Problem In investigating the Sandberg Insitute’s existing building and program conditions 3 major problems have been identified that relate to the performace of reframing. 1) The Entry: Generic office aesthetic, Single Entry point, compressed elevator experience, vague signage. The entry of the building is the physical threshold of Sandberg. It is the first physical contact a user has that also symbolically can be linked to the act of reframing. Once you enter these doors, you are entered into another world, sheltered from the hectic world outside. The lobby and elevator, while in its present condition is seen as negative due to its compressed and generic character and is the only option of access into the Institution, can also be seen as an opportunity for reframing the user mood for in preparation for learning. 2) Lack of clear spatial orgnization and transition between public, semipublic and private space. While arriving via the elevator to your proper floor, it is still unclear where you should go and which space are public or private. This unsettling feeling creates insecurity and confusion in the user and also denies the user the ability to slow down their own pace pyschologically. Which makes it even harder to shed all the baggage from the outside world embrace the reframing process. This problem can be seen as an opportunity to investigate what visual hieracrchies can be evident to allow for more clear indication between public and private and also what programs should be grouped together physically to allow for more intuitive routing. 3) Lack of psychological cohesion or unity between all departments within the Institute. The lack of cohesion or unity between apartments had been voiced by students from every department. If you see past the obvious plea for a common canteen or social meeting space, you can also conclude that the lack of a clear identity and overview of sandberg as a whole is the source of its dis-cohesion. Without understanding of the existence of all its parts and how they relate to one another, no true understanding of the whole can exist, thus no true understanding of it parts either. This problem can be seen as an opportunity to investigate how each department can relate to the other. Also as an Reframing process. How departments overlap or not and why.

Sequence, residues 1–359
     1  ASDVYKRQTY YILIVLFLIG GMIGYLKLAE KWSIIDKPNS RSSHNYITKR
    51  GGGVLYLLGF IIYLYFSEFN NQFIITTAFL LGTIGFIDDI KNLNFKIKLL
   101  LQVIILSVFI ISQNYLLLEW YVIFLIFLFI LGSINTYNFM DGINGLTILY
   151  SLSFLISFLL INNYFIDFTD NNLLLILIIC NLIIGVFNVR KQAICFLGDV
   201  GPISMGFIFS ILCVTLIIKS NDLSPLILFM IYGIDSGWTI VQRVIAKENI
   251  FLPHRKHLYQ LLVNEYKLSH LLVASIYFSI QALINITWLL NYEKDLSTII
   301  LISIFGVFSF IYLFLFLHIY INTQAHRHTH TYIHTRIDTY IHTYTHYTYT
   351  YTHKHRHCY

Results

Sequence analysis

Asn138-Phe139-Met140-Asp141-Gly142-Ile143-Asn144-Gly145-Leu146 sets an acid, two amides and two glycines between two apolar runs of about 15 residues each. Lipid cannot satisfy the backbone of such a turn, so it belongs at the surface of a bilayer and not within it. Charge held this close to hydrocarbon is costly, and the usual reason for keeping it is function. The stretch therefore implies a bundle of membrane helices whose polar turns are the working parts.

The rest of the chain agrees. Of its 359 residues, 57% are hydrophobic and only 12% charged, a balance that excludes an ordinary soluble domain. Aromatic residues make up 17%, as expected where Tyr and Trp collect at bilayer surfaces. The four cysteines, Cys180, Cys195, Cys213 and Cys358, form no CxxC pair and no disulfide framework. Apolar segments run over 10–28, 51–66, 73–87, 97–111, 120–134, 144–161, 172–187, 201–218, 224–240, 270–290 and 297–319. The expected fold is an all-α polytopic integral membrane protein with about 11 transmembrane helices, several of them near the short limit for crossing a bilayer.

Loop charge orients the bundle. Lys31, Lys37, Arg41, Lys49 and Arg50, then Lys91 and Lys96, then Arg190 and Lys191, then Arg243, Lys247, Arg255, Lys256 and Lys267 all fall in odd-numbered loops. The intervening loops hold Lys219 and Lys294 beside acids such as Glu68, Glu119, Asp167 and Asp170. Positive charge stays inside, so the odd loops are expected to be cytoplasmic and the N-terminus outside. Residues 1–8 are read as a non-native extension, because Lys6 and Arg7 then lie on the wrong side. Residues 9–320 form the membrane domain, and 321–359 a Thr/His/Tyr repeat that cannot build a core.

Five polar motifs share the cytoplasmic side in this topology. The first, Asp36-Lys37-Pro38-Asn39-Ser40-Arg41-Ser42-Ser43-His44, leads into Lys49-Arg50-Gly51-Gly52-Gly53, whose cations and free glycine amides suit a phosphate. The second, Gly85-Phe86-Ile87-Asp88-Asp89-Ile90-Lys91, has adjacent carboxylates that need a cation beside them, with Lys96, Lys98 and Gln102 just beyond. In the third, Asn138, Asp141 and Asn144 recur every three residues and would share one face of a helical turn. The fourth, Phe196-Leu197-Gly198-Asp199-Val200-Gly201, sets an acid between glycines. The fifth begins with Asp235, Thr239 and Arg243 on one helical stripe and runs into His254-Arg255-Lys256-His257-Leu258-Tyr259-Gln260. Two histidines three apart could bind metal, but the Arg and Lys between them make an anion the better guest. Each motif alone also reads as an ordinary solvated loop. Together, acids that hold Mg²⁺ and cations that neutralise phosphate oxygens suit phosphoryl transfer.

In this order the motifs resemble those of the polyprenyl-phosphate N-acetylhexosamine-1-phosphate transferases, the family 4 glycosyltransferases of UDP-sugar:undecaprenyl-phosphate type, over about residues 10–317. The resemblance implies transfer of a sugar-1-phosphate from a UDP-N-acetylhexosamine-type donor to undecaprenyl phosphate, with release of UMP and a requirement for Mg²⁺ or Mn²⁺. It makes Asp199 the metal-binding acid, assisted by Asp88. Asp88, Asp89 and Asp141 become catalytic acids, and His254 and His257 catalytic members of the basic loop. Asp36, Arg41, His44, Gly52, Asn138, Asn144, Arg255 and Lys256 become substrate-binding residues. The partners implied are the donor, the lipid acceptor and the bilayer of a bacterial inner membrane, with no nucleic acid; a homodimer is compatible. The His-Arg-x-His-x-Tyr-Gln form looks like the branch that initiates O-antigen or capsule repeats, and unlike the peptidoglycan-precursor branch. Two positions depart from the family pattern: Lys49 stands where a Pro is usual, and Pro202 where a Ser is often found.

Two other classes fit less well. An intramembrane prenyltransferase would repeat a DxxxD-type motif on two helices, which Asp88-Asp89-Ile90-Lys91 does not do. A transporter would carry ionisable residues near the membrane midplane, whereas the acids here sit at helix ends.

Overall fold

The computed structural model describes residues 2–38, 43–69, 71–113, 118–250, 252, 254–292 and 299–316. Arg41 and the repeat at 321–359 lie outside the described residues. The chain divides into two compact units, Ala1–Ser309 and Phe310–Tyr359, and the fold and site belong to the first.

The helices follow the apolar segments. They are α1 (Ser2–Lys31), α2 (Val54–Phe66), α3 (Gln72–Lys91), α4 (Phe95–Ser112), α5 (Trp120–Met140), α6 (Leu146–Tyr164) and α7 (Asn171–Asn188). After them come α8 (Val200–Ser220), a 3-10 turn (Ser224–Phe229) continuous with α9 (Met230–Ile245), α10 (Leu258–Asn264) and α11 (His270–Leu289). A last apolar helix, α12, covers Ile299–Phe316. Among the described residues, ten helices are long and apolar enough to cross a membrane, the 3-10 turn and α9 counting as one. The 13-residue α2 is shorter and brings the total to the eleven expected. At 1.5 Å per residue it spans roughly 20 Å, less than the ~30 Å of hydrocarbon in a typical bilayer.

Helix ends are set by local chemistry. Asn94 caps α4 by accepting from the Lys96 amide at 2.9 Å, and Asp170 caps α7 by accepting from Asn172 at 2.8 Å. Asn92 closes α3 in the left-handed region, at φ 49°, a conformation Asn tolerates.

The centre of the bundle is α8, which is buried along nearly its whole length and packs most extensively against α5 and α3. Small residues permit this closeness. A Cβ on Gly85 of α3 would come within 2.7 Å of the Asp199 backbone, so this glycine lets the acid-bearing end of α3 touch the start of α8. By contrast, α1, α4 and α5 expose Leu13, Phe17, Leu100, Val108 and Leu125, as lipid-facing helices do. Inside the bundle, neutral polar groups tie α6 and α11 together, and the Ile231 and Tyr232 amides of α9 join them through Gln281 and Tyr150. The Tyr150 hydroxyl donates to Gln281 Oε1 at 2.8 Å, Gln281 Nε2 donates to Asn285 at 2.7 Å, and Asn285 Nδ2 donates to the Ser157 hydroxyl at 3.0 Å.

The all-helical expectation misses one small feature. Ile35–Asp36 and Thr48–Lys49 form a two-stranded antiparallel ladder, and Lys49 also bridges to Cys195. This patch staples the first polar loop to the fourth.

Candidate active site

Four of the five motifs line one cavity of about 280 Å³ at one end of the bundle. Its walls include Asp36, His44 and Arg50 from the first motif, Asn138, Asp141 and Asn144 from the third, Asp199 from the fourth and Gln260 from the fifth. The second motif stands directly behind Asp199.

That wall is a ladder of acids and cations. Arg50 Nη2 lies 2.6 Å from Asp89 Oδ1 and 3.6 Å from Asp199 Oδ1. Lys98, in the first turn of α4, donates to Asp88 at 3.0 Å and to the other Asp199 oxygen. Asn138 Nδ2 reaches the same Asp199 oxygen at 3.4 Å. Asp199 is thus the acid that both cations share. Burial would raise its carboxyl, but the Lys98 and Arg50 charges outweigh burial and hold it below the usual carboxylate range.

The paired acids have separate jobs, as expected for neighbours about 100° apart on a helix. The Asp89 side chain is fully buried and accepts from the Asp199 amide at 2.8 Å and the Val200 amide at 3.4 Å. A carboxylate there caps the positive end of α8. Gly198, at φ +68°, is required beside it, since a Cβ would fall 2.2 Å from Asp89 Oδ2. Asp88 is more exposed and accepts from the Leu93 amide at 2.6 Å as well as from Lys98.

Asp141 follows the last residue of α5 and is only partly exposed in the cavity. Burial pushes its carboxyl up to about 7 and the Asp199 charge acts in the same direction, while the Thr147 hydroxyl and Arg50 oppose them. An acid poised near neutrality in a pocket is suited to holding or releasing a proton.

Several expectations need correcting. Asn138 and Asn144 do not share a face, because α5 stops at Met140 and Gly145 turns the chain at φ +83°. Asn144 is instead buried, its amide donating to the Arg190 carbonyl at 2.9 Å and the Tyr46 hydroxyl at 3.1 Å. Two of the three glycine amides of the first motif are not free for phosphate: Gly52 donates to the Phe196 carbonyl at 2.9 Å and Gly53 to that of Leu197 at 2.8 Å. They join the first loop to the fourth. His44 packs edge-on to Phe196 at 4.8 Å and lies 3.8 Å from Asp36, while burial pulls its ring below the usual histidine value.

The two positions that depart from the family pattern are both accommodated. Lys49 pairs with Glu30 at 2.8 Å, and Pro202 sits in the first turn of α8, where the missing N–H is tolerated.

Concept Framing your mood for education: “public vs private� In order to leave the hectic world behind and shape your pyschological mood for learning, there needs to be a sequence of events or spatial experience that reframes your perspective. By the sequence of subtle compression and expansion through routing you can begin to allow the user to slow down and leave the outside world behind. Through a clear and organized system of volume gradients that relate to public and private space, one can make a slow down transition more intuitive. Through the use of materials, colors and sight lines, one can make and remake relationships between different departments.

public mixing

indiviual departments and private studios



rar y

ri ito ud

a media room


Gradient of public to private functions: Reception,Exhibiton Space, Canteen, Auditorium, Library, Offices, Department meeting Area, Temporary Studio, Personal studio.

Fifth floor

Scale 1:200

Sixth floor

Seventh floor

Eighth Floor

Sections Perpendicular


Program Current










Circulation 24 hours

Day Time

Night Time






RE-Thinking Sandberg  

Sandberg Institute is situated in a office typology. Rethinking the essence of an educational institution, redesigning Sandberg for the futu...